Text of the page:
Quantifying the consensus on anthropogenic global warming in the scientific literature
We analyze the evolution of the scientific consensus on anthropogenic global warming (AGW) in the peer-reviewed scientific literature, examining 11 944 climate abstracts from 1991–2011 matching the topics 'global climate change' or 'global warming'. We find that 66.4% of abstracts expressed no position on AGW, 32.6% endorsed AGW, 0.7% rejected AGW and 0.3% were uncertain about the cause of global warming. Among abstracts expressing a position on AGW, 97.1% endorsed the consensus position that humans are causing global warming. In a second phase of this study, we invited authors to rate their own papers. Compared to abstract ratings, a smaller percentage of self-rated papers expressed no position on AGW (35.5%). Among self-rated papers expressing a position on AGW, 97.2% endorsed the consensus. For both abstract ratings and authors' self-ratings, the percentage of endorsements among papers expressing a position on AGW marginally increased over time. Our analysis indicates that the number of papers rejecting the consensus on AGW is a vanishingly small proportion of the published research.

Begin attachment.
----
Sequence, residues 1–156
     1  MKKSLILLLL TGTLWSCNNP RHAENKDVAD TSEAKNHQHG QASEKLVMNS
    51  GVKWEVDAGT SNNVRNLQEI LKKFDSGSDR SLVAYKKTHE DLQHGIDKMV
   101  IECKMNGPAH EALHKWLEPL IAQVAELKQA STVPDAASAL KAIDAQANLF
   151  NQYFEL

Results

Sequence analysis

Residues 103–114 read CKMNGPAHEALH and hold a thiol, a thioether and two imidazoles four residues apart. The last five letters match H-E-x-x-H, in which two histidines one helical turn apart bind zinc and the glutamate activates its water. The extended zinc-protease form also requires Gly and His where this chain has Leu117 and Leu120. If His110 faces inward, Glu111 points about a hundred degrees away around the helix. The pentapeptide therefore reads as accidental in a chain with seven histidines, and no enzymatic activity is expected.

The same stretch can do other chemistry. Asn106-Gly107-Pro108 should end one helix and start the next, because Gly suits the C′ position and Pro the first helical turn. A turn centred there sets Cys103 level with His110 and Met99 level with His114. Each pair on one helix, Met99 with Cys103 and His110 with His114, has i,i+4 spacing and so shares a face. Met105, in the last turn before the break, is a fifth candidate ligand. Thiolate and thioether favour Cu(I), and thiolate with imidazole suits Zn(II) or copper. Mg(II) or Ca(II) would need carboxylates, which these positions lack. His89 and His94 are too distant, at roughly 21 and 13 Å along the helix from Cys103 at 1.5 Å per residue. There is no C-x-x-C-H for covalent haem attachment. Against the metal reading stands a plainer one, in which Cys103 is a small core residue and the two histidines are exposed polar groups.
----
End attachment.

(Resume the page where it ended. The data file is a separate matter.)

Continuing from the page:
Environmental Research Letters
Creative Commons License
This work is licensed under a Creative Commons Attribution 3.0 License.
Cook, John; Nuccitelli, Dana; Green, Sarah A.; Richardson, Mark; Winkler, Bärbel; Painting, Rob; Jacobs, Peter; and Skuce, Andrew G., "Quantifying the consensus on anthropogenic global warming in the scientific literature" (2013). Department of Chemistry Publications. 71.